There's just one problem. None of it is true. The EPA can claim that their new regulations have saved lives and therefore money, for example, but actual evidence does not show that. Dr. Stan Young, on the American Council on Science and Health Board of Scientific Advisors, ran what is arguably the largest data set of California deaths ever, because he, too, probably wanted to know if he should turn his 401K over to CARB and let them make him rich with all the savings we'd have if we implemented more rules on PM 2.5 (4) but unfortunately he couldn't find their regulations were preventing any acute deaths at all. Not during the entire existence of the EPA.

He even threw in giant wildfires, which we know throws a lot of particulate matter into the air. Heck, if we was in the epidemiological massaging business, like most activists, he could show more PM2.5 prevents death.

Instead of cackling like Scrooge McDuck while sitting on all of the newfound wealth he was going to enjoy with more regulation, he found there was no reduction in mortality with improved air quality. Since 1970. (5)

Claims of acute deaths related to pollution are instead all hype. (6) That means the savings are pretend money. And that won't lead to anyone's early retirement.


(1) Not just cars. Food processors are fleeing the home of American food production because the cost of subsidized energy has been passed along to everyone else, making California too expensive in energy unless you only make software.

(2) Obviously we hate companies who make things besides software and food in California.

(3) Which got him sent to jail. Apparently you can't prevent people from losing money without being in violation of federal law. This explains a lot about why the federal government believes they are saving money by taking it from us and spending it inefficiently.

(4) Small particulate matter that can pass through a 2.5 micron grid.

(5) There are limits. I support the Constitution, including gun ownership, for example, while acknowledging that we don't want to turn into Somalia. And we don't want our cities to become Beijing. But California has run out of pollution to fight, they instead want new regulations because of PM2.5 being highest in four California cities. If no data show that's harming us, we are off in the homeopathy realm. It's the pollution equivalent of claiming vaccines cause autism because some kids who got vaccines also got autism. It's therefore no surprise that most of the people who believe one of those things believe all of them.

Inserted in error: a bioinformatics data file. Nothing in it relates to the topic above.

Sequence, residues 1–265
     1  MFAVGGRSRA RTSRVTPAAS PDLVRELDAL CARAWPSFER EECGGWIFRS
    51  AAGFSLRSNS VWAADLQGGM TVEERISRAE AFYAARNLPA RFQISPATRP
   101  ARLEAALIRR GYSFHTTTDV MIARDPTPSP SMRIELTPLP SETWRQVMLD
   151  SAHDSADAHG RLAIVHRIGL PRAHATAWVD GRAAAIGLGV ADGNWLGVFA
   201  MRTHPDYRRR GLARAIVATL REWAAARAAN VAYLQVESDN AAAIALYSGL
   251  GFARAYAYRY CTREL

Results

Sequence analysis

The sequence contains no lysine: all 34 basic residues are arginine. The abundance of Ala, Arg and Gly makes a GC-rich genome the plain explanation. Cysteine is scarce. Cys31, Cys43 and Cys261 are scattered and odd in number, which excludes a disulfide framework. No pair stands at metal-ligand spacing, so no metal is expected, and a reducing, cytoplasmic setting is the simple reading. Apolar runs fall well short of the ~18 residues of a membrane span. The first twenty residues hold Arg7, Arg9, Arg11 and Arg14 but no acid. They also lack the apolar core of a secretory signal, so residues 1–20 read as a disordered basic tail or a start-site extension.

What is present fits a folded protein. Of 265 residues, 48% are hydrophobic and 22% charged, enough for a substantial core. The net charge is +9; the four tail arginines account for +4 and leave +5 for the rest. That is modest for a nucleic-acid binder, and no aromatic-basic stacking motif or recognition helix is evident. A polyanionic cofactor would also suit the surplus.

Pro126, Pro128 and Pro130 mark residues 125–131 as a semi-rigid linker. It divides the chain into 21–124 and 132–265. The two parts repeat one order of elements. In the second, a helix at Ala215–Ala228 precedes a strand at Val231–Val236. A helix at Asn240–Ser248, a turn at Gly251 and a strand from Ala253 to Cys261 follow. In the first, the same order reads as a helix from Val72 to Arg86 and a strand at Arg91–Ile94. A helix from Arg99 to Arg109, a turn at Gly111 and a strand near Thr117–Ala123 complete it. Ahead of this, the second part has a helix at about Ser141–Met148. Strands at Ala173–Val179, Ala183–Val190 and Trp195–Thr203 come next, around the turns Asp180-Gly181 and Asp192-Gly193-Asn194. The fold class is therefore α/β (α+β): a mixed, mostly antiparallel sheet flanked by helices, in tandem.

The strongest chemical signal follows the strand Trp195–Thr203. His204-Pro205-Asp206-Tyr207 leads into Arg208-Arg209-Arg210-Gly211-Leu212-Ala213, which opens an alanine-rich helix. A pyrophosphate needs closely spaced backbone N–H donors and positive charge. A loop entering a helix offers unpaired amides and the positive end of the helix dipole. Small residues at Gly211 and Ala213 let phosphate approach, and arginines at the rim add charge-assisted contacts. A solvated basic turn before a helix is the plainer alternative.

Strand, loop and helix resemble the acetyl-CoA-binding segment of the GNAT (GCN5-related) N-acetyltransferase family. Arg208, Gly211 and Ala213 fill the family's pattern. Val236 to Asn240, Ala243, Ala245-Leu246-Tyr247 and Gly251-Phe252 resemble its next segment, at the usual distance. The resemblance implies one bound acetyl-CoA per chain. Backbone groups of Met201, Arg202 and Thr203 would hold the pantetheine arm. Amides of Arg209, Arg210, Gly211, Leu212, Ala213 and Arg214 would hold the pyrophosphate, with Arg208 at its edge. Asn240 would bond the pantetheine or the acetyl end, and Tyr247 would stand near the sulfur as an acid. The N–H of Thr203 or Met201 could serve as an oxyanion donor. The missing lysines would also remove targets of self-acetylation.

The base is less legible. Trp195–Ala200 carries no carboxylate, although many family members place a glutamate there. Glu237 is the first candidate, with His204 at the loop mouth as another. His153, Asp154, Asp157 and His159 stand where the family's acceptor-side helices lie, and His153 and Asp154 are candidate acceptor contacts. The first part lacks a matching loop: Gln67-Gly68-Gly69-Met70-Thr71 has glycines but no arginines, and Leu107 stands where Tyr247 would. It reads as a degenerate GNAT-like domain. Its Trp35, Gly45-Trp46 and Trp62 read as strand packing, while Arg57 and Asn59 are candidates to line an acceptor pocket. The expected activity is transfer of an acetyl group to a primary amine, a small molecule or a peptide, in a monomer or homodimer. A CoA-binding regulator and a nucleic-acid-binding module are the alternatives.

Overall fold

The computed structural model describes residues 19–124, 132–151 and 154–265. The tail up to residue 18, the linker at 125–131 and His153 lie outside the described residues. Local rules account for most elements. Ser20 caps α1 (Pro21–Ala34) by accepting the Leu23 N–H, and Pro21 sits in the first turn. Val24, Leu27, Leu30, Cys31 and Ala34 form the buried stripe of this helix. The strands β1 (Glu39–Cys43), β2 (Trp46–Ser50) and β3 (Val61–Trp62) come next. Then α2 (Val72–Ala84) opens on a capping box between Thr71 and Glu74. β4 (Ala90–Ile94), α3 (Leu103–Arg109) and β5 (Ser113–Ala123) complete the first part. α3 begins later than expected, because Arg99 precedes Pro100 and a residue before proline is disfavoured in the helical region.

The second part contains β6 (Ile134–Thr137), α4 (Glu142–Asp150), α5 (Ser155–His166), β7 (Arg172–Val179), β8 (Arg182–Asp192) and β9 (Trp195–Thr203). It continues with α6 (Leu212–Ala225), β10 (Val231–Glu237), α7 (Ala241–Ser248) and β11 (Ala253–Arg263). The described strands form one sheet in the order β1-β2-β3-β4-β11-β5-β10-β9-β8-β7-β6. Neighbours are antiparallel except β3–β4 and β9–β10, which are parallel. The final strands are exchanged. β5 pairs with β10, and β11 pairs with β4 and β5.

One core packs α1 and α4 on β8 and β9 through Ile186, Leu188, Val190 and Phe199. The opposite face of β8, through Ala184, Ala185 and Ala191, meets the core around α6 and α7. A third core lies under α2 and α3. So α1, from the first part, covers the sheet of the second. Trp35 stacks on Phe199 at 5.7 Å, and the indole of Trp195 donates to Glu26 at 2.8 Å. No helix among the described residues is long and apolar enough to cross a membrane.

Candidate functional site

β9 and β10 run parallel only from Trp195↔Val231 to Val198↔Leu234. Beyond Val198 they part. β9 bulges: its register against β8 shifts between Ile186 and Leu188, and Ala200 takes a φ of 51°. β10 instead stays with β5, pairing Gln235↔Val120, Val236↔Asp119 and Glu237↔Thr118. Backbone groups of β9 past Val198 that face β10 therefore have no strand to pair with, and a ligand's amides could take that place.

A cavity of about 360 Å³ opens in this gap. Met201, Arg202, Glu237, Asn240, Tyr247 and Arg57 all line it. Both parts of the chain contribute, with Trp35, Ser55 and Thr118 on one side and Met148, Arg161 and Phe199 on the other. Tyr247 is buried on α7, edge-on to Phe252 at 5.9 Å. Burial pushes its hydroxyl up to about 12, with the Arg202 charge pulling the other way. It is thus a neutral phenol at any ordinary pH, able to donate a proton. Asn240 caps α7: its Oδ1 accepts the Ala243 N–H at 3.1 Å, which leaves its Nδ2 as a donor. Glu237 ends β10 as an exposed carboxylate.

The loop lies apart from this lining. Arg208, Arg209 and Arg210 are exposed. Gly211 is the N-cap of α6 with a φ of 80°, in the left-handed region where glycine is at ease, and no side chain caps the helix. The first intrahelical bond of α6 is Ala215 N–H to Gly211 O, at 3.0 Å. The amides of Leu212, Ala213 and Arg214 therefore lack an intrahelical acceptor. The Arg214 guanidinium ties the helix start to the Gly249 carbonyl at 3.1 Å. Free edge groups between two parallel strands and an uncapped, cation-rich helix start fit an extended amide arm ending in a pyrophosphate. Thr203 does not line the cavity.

Bonus: Scrooge McDuck. The rest of us are only this happy if we are California environmentalists.

(6) Worse than hype, they could be made up. For example, the trucking companies that went out of business because of  $10 billion in equipment costs and $2.4 billion in annual compliance costs to meet arbitrary sulfur emissions don't feel like they saved the environment or benefited from all of the virtual money regulators claim to have generated. And another 9 cents a gallon in gasoline cost doesn't sound like a lot, but it is if you are poor. Then there is the auto industry, which has been fine with increased costs of $15 billion by 2025 because they look like environmental heroes while passing along the cost to consumers. Finally, the economic benefit CARB claims to have brought about was because they declared over 60 percent of trucks illegal meant requiring them to get a $15,000 filter for each one. CARB counts that as actual revenue they generated, instead of what it really is; unnecessary fees they imposed that cost companies.